Research Profiles: Prolegomena to a New Perspective on Innovation Management

Research Profiles: Prolegomena to a New Perspective on Innovation Management

Gretchen Jordan (Sandia National Laboratories, USA), Jonathon Mote (Southern Illinois University, USA) and Jerald Hage (University of Maryland, USA)
DOI: 10.4018/978-1-4666-1945-6.ch082
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Abstract

Despite the increasing importance of the management of research for innovation, the range of differences among types of research, as well as projects and programs, is not adequately captured in current theories of either project or organizational innovation. This chapter offers preliminary discussions for a new perspective about alternative styles of management for different types of research, whether basic, applied, product development, manufacturing, quality control or marketing. Based on these discussions, the chapter proposes a framework for a new perspective of innovation management, called Research Profiles, which is derived from a literature review and extensive field research. This new perspective delineates four research profiles on the basis of two dimensions of research objectives and two dimensions of research tasks. In matching the research objectives and tasks, we identify inherent dilemmas that managers must address and this developing perspective suggests some appropriate research management approaches.
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Introduction

Despite the central importance of scientific and technological research, including product development, for national competitiveness and security, at present there is not an adequate theory about the appropriate managerial styles needed to address alternative kinds of research objectives at the research project, program or inter-organizational level. Organizational innovation theory stemming from Burns and Stalker (1961) typically focuses on the entire organization and, we would suggest, one organizational model (the organic organization), rather than recognizing the existence of different kinds of research work. More critically, the organic model does not include either the concept of complexity (Brown & Eisenhardt, 1995; Hage, 1999) or external networks of expertise, which are precisely the ones that are increasingly important in the growth of knowledge network communities (Mohrman, Galbraith, & Monge, 2004; Shinn, 2002), and the spread of inter-organizational relationships (Alter & Hage, 1993; Hagedoorn & Duysters, 2002; Powell, 1998; Powell, Koput, & Smith-Doerr, 1996; Van De Ven & Polley, 1992). Indeed, in the organizational innovation literature there is only one study that examines the structure and performance of research laboratories and it does not include external relationships of any kind (Hull, 1988).

Although we are beginning to see an increasing number of studies of research labs (Brown, 1997; Joly & Mangematin, 1996; Jordan, Streit, & Matiasek, 2003; Menke, 1997), inter-organizational alliances (Gomes-Casseres, 1996) and a few studies of research consortia (Browing, Beyer, and Shelter, 1995), the fact remains that none of these studies have connected the measurement of scientific and technological research objectives, to the nature of the research tasks and their appropriate managerial styles. The research literatures cited above stand largely in isolation, often ignoring other kinds of research work. Specifically, the level of the project is overlooked, which is a smaller unit than the organization, the whole organization, and inter-organizational networks of various kinds. Indeed, what makes a proposed theory of management styles necessary is the considerable range in the ways scientific and technology research is organized. While many small research projects funded by the National Science Foundation (NSF) and the National Institutes of Health (NIH), such as those found in academia, tend to be the standard structure, a considerable amount of research is conducted in large-scale organizations and programs, such as mission agencies like the National Aeronautics and Space Administration (NASA) and the National Oceanic and Atmospheric Administration (NOAA), as well as large scale inter-organizational research programs such as the Human Genome Project. For the same reason, the new and growing literature on projects (Brown and Eisenstadt, 1995) overlooks what might be called “Big Science” as represented in the research conducted at the large national and international laboratories such as Argonne in the US and CERN in Switzerland.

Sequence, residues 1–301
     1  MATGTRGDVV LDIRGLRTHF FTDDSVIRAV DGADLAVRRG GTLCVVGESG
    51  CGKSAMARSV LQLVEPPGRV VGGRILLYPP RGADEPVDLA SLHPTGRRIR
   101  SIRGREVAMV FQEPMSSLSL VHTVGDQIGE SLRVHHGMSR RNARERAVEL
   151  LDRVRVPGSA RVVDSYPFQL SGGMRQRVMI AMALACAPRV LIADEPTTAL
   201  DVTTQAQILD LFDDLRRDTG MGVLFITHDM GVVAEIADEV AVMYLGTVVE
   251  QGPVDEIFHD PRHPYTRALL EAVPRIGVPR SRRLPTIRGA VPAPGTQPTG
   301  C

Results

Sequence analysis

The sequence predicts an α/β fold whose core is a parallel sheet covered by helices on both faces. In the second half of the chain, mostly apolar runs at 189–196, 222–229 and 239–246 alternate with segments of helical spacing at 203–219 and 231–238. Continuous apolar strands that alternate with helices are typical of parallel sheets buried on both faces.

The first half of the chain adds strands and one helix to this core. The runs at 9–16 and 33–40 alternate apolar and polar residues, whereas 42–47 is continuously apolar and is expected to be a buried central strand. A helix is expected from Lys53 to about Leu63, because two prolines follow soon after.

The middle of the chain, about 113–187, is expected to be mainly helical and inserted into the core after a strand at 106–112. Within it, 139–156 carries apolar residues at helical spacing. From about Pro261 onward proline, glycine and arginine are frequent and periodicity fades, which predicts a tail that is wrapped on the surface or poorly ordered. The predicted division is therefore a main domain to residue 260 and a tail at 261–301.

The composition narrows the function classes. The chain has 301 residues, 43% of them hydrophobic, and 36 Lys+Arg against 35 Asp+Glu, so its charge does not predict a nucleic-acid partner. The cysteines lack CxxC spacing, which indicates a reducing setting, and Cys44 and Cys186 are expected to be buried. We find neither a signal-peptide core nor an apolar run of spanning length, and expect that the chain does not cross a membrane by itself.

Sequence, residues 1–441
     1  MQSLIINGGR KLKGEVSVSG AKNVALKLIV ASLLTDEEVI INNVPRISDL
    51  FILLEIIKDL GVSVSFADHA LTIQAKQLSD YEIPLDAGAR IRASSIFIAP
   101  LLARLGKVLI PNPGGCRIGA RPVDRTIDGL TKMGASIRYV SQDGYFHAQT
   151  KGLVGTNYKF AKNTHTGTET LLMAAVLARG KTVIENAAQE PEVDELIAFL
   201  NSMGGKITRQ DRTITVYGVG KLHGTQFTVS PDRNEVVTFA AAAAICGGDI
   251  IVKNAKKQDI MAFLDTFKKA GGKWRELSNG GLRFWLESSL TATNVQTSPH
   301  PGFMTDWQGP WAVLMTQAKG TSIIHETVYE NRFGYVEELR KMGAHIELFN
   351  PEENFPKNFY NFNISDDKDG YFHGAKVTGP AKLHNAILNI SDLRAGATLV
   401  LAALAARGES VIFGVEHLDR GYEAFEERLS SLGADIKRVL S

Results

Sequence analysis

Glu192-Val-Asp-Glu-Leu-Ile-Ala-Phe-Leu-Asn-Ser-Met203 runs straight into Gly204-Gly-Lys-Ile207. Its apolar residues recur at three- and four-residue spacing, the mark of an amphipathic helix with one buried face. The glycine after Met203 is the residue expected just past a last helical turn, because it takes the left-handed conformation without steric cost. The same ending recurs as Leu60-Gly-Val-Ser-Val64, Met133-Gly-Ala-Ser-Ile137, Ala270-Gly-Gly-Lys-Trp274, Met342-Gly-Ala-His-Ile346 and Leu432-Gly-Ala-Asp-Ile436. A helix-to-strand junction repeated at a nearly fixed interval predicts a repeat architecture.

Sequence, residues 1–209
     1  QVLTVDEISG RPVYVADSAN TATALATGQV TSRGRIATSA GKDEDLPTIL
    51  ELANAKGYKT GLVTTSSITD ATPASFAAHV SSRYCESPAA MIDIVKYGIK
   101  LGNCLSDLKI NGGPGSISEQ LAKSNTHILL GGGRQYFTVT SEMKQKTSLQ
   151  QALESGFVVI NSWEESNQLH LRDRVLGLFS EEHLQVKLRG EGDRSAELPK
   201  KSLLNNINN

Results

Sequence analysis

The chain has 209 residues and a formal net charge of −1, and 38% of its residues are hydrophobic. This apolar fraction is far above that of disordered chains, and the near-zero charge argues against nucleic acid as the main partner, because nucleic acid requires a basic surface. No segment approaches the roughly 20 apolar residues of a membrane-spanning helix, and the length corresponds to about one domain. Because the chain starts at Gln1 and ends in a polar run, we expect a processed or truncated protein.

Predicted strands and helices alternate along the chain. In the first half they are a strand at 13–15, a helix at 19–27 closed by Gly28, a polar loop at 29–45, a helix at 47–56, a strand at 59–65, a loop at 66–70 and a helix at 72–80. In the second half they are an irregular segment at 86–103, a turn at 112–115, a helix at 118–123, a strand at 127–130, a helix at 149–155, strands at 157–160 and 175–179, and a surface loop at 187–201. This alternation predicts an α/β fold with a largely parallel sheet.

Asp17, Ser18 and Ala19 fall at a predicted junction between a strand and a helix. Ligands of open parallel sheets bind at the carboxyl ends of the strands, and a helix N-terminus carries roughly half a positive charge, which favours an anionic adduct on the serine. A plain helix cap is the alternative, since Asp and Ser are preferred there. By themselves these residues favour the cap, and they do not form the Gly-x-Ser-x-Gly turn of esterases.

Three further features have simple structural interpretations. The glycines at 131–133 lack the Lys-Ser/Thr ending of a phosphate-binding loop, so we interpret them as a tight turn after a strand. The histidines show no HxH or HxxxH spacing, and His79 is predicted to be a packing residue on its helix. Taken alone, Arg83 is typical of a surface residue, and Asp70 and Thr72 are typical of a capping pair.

Further, as Clarke (2002) has discussed in comprehensive detail, the management of a large number of researchers is very different from the typical management issues involved in contemporary firms or public bureaucracies. Among other differences are the oft-cited assertions that researchers are more motivated by intellectual curiosity than monetary compensation, the longer and more uncertain time horizons for successful objectives, and, perhaps most importantly, work that is seldom standardized and difficult to evaluate.

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